RBC looks past Bitcoin’s flaws to consider blockchain strengths

Could the blockchain be the next technology to rock the financial sector? The Royal Bank of Canada (RBC) seems to think so – and it’s experimenting with the technology already.

Blockchain technology is the engine underpinning bitcoin, but it has been viewed separately from the cryptocurrency of late. Experts have begun to explore it as an independent technology for applications outside bitcoin. One of these is in finance and banking.

Adam Ludwin, founder of blockchain development company Chain, explained that while the company started off selling software development services to bitcoin companies, he has begun working with banks that want to use the underlying technology for their own purposes.

“They were interested in moving other assets the way that bitcoin moved,” he said. “This property of a digital asset that can be sent over the Internet and be settled quickly and have a record that transaction that’s immutable – that was appealing.”

Blockchain technology works by decentralizing everything. Instead of a central ledger, all participants in the network hold copies of a single distributed ledger, providing a single record that all can refer to. All transactions in the ledger are cryptographically verified to ensure that no one conducts a fraudulent trade.

In the bitcoin world, this enabled a network of anonymous participants to send funds to each other. In the world of banking, regulators typically want to know who is trading, and verify their identity. So organizations like Chain are working with banks to create custom blockchains, where the participants are authenticated.

Settling up

One application for blockchains in finance is faster settlements. Banks have traditionally managed transactions via their own digital ledgers, but they also frequently trade with each other. When they do, they need a way to settle the transactions recorded on their own ledgers between each other

If Bob buys shares in a company from Jane, then they make that agreement immediately. Before the trade can be resolved, though, someone has to make sure that Jane actually has the available shares, and that Bob has the money to pay. That happens at a clearing or settlement house, which settles all trades at the end of the day. The clearing house uses clearing banks that act as intermediaries during the transaction.

That’s not the end of the story, either. In many securities, such as stocks, the ownership of the asset must be registered with a central authority, known as a depository. It can take up to three days to complete all of these tasks after the initial trade is agreed, in what is known as a ‘T+3’ settlement window.

Blockchain technology can make that process instantaneous, which can reduce the amount of collateral that must be held during a settlement, while reducing the risk of a trade not being settled.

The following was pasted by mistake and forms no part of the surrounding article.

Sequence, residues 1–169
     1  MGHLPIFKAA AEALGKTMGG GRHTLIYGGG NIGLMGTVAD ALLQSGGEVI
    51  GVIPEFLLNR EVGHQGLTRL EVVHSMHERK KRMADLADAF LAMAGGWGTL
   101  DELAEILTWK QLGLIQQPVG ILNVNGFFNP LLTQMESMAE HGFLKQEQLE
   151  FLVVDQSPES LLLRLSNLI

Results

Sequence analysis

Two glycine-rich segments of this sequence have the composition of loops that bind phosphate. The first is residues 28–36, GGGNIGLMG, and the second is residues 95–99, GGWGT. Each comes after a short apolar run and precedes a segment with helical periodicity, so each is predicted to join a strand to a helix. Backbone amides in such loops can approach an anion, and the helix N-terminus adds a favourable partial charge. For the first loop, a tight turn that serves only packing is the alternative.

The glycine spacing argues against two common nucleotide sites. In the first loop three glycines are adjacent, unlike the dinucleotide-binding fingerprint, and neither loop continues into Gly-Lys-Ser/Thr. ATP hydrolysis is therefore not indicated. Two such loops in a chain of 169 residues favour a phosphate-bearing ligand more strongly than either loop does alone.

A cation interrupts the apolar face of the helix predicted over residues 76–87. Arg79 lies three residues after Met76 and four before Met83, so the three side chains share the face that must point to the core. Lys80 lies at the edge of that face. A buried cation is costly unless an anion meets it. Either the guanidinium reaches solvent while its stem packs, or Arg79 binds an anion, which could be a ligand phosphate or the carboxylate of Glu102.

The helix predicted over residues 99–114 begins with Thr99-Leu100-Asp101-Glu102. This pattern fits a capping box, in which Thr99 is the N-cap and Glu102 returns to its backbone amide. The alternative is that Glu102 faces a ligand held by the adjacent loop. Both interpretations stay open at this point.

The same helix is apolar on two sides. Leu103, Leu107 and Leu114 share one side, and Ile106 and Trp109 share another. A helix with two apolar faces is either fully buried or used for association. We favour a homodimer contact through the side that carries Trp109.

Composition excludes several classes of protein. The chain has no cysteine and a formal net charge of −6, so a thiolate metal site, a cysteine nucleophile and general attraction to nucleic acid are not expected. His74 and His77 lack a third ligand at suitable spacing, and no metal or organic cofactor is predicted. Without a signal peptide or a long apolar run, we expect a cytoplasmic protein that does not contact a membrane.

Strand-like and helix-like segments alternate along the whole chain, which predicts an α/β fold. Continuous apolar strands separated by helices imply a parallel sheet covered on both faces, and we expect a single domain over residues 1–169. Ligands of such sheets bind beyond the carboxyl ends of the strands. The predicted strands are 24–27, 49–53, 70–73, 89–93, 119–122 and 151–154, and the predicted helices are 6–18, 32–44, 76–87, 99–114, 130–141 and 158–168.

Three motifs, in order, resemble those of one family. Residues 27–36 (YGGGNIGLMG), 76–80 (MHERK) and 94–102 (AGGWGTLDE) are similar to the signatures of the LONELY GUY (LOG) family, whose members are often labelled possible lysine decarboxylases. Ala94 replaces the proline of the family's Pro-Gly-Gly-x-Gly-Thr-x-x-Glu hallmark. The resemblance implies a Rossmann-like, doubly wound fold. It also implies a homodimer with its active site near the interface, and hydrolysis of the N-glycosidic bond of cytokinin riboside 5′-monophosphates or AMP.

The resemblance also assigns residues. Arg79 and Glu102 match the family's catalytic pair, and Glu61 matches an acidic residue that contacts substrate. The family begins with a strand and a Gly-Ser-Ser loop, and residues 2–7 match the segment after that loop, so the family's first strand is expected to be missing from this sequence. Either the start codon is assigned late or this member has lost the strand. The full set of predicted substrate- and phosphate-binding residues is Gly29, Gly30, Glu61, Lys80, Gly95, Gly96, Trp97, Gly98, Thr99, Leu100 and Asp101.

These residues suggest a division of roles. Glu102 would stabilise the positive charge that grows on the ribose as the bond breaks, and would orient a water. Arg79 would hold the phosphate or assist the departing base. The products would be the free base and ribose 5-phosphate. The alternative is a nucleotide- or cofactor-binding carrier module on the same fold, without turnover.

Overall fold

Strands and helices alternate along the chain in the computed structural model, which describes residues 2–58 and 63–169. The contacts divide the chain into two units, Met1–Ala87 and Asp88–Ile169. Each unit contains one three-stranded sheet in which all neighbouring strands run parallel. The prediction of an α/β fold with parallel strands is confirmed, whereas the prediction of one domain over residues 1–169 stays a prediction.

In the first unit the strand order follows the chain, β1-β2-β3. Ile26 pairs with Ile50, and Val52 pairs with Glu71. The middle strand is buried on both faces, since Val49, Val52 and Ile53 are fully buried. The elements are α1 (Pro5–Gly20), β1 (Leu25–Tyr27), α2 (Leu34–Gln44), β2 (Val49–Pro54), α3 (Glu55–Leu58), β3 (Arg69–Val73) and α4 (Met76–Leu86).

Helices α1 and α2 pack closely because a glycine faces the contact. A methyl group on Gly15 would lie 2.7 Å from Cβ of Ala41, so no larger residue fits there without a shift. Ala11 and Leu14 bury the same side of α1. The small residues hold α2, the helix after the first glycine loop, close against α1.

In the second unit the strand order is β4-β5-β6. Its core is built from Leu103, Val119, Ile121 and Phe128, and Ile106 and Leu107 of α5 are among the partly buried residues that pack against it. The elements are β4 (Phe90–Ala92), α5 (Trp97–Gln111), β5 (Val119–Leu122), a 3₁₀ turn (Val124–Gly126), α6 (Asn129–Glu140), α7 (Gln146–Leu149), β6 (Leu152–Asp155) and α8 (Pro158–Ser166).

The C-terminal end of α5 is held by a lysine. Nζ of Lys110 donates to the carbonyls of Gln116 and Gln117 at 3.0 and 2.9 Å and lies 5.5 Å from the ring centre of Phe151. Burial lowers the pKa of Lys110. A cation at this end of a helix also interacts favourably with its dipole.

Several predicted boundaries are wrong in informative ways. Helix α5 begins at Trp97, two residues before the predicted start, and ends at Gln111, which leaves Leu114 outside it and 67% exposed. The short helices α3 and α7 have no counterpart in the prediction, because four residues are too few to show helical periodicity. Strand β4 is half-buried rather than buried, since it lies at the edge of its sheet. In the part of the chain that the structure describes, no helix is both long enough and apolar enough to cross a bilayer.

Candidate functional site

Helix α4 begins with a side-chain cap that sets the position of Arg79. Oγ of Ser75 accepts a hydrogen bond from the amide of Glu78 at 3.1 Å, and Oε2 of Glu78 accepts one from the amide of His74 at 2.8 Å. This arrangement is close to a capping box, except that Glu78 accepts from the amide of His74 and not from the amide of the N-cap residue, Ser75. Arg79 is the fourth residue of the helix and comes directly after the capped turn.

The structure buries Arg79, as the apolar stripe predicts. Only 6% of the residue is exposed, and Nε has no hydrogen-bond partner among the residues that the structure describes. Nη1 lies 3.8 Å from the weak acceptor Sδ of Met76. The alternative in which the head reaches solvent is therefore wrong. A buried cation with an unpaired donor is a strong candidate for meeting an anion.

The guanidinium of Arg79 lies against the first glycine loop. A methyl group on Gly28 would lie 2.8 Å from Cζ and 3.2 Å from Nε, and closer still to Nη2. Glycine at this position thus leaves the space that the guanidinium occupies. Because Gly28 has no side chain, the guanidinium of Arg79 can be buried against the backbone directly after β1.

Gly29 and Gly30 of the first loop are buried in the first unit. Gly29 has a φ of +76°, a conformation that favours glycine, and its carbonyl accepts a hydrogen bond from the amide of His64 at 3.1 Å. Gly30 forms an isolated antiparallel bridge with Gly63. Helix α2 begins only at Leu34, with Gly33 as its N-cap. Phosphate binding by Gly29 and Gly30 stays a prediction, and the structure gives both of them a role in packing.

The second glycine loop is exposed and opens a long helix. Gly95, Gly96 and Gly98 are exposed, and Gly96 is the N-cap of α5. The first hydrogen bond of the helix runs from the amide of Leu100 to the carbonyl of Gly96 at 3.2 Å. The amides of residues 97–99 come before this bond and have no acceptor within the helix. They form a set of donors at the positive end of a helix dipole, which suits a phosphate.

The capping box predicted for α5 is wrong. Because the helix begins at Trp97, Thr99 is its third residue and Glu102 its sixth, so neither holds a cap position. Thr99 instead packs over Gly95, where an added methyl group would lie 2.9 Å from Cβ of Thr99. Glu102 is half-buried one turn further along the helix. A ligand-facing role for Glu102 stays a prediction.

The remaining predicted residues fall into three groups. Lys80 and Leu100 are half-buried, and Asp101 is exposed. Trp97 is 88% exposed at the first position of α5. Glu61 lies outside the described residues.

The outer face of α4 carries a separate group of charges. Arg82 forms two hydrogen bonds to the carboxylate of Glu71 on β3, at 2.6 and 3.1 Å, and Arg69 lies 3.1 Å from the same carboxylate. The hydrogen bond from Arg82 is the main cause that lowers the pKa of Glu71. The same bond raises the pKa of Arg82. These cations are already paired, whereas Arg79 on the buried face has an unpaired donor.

As interest in this technology mounts, companies are jockeying for position in what is seen as a potentially lucrative and sizeable market. One company making big strides is R3. It is working with 25 banks at last count, to create distributed ledger technology for them to use. CEO Charley Cooper said that the company has formed a working group with the banks to identify potential use cases.

“It’s been a year and a half of research, proofs of concept, conversations with various companies, and then the decision that the best way to do this was to build a consortium of banks to collaboratively deliver the best services to industry,” he said.

At the time of writing, two Canadian banks have partnered with R3: RBC and TD. Executives at RBC have previously talked about experimenting with blockchain technology by using it with a non-mission-critical currency. In RBC’s case, executives suggested a ‘safe’ currency, such as loyalty rewards points, although nothing is official yet.

“Blockchain ledgers have the potential to provide an immutable, transparent record of all transactions for a real or financial asset.  The encrypted and distributed nature of blockchain ledgers also have potential to provide additional security and business continuity,” said Carolyn Burke, vice president, regulatory, compliance and international, digital, payments and cards at RBC. “We are very interested in the use cases for integrating blockchain with internal systems and the external ecosystem and are actively working with partners to explore their viability.”

Many other companies are muscling in on the financial blockchain space. Digital Asset Holdings, Blockchain Clearing Consortium, and Symbiont are just a few. It will take a year or two for this highly-regulated industry to roll out the technology commercially, but it’s coming – and it could encourage interest from other sectors that also rely on exchanges between large numbers of companies, such as supply chain management, for example.




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Danny Bradbury
Danny Bradburyhttp://www.wordherder.net
Danny Bradbury is a technology journalist with over 20 years' experience writing about security, software development, and networking.

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